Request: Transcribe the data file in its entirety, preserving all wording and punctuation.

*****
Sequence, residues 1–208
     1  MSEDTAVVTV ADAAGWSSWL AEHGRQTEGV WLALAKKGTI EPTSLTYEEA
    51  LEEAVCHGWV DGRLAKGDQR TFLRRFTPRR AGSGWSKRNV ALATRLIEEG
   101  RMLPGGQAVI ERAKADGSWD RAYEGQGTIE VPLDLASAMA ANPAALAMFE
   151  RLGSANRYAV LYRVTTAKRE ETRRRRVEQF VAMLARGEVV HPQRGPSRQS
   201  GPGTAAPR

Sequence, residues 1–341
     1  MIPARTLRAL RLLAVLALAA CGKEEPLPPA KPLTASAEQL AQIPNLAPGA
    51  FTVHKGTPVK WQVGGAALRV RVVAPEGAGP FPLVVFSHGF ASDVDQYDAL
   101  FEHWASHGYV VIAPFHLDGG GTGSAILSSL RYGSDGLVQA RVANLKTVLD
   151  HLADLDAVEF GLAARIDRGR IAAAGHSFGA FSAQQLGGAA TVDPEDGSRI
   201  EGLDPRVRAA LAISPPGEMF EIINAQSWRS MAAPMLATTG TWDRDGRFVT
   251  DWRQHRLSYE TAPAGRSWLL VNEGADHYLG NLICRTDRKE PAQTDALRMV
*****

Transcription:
Sequence, residues 1–208
     1  MSEDTAVVTV ADAAGWSSWL AEHGRQTEGV WLALAKKGTI EPTSLTYEEA
    51  LEEAVCHGWV DGRLAKGDQR TFLRRFTPRR AGSGWSKRNV ALATRLIEEG
   101  RMLPGGQAVI ERAKADGSWD RAYEGQGTIE VPLDLASAMA ANPAALAMFE
   151  RLGSANRYAV LYRVTTAKRE ETRRRRVEQF VAMLARGEVV HPQRGPSRQS
   201  GPGTAAPR

Sequence, residues 1–341
     1  MIPARTLRAL RLLAVLALAA CGKEEPLPPA KPLTASAEQL AQIPNLAPGA
    51  FTVHKGTPVK WQVGGAALRV RVVAPEGAGP FPLVVFSHGF ASDVDQYDAL
   101  FEHWASHGYV VIAPFHLDGG GTGSAILSSL RYGSDGLVQA RVANLKTVLD
   151  HLADLDAVEF GLAARIDRGR IAAAGHSFGA FSAQQLGGAA TVDPEDGSRI
   201  EGLDPRVRAA LAISPPGEMF EIINAQSWRS MAAPMLATTG TWDRDGRFVT
   251  DWRQHRLSYE TAPAGRSWLL VNEGADHYLG NLICRTDRKE PAQTDALRMV